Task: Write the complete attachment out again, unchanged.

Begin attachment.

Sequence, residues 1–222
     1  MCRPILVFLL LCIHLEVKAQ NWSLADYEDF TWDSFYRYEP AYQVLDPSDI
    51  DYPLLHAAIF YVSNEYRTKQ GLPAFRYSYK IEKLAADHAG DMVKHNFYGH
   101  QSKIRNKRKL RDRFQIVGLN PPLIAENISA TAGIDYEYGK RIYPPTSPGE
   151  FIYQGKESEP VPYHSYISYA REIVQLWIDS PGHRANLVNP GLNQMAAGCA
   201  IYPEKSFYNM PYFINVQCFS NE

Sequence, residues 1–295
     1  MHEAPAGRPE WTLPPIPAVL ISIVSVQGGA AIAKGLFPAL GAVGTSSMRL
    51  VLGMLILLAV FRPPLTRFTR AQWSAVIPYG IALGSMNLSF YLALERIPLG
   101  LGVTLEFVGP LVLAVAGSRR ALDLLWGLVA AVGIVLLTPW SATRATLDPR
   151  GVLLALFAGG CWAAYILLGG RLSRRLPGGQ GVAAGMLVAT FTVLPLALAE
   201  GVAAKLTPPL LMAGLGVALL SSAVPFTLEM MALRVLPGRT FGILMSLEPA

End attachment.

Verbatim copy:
Sequence, residues 1–222
     1  MCRPILVFLL LCIHLEVKAQ NWSLADYEDF TWDSFYRYEP AYQVLDPSDI
    51  DYPLLHAAIF YVSNEYRTKQ GLPAFRYSYK IEKLAADHAG DMVKHNFYGH
   101  QSKIRNKRKL RDRFQIVGLN PPLIAENISA TAGIDYEYGK RIYPPTSPGE
   151  FIYQGKESEP VPYHSYISYA REIVQLWIDS PGHRANLVNP GLNQMAAGCA
   201  IYPEKSFYNM PYFINVQCFS NE

Sequence, residues 1–295
     1  MHEAPAGRPE WTLPPIPAVL ISIVSVQGGA AIAKGLFPAL GAVGTSSMRL
    51  VLGMLILLAV FRPPLTRFTR AQWSAVIPYG IALGSMNLSF YLALERIPLG
   101  LGVTLEFVGP LVLAVAGSRR ALDLLWGLVA AVGIVLLTPW SATRATLDPR
   151  GVLLALFAGG CWAAYILLGG RLSRRLPGGQ GVAAGMLVAT FTVLPLALAE
   201  GVAAKLTPPL LMAGLGVALL SSAVPFTLEM MALRVLPGRT FGILMSLEPA